Why University Education Should Be Free

University education should be free to ensure that equal opportunities is accorded to all individuals who deserve them, especially learners. Students who cannot pay for university education may feel dissuaded by the system. In making university education free, all students will look forward to a time when they will graduate and give back to society.  An educated and productive workforce is the pride of any nation. To this end, many governments do everything in their capacity to equip its learners (Catto 2003, 65). Unfortunately, there exists an educational gap between the poor and the affluent in the modern society. Thus, it has led to the situation when people cannot afford university education engage in activities that often do not add value to the community. In making university education free, there will increase in the number of the enlightened populace who may not only rely on employment but can create jobs.

University education should be free so that it can tap and harness the broad range of talents from its population. Also, making university education free would indicate the government’s commitment towards eradication of poverty and illiteracy within its borders. However, free university education has its advantages and disadvantages. Overall, the benefits of free university education outweigh the negtaive issues.


Provision of higher education remains one of the core values of almost all governments. As the population grows, there is a need for provision of quality and affordable education to all. Currently, the cost of university education is unaffordable for most learners; thereby limiting the chances of talented students joining universities (Picower 2013, 44). Governments worldwide need to strategize and define ways in which university education can be free to all learners who qualify. However, all the approaches used in making university education free should not jeopardize the smooth operations of the universities. Courtesy of what free higher education can do to the learners and society, should university education be free?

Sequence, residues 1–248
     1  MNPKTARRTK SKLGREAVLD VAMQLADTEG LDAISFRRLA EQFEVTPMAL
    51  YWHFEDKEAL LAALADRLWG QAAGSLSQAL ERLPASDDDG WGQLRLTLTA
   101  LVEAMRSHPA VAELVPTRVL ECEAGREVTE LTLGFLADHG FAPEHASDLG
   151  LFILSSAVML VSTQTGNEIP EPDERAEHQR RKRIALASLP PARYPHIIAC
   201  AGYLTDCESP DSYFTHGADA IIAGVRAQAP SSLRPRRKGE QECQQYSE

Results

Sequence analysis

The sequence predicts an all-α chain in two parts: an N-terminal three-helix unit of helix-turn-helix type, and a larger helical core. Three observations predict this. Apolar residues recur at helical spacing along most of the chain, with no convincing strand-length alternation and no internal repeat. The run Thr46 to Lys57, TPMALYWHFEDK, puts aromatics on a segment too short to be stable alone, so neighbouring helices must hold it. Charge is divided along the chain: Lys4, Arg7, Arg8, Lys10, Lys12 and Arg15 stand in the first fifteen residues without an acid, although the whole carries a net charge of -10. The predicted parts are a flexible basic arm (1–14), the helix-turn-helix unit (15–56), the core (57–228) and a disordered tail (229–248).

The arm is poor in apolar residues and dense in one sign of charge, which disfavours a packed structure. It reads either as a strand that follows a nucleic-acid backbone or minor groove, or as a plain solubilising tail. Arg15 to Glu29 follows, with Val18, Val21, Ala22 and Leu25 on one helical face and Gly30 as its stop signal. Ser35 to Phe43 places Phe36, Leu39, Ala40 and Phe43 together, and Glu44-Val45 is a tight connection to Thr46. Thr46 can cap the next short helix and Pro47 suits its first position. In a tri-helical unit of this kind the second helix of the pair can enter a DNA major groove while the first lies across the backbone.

Catto, G. (2003). Who should pay for higher education?. BMJ, 326(7387) 65Sa-65. Retrieved from: https://www.theguardian.com/education/2015/apr/15/who-should-pay-for-university-education

Godsey, R. K. (2005). The courage factor: A collection of presidential essays. Macon, GA, Mercer University Press.

Hanson, C. (2014). Changing How We Think About the Goals of Higher Education. New Directions for Higher Education, 14(166) 7-13. Retrieved from: https://www.theguardian.com/higher-education-network/blog/2014/feb/13/free-university-education-tuition-fees.

Kerr, L. (2006). Between caring & counting teachers take on education reform. Toronto, University of Toronto Press.

Picower, B. (2013). Education should be free! Occupy the DOE!: Teacher activists involved in the Occupy Wall Street movement. Critical Studies in Education, 54(1) 44-56. Retrieved from: http://www.economicshelp.org/blog/949/economics/should-university-education-be-free/

Rosa, M. (2006). Is Opportunity Knocking?: Low-Income Students’ Perceptions of College and Financial Aid. American Behavioral Scientist, 49(12) 1670-1686. Retrieved from: https://www.theguardian.com/higher-education-network/blog/2014/feb/13/free-university-education-tuition-fees

Samuel, R. (2013). Why public higher education should be free: how to decrease cost and increase quality at American universities.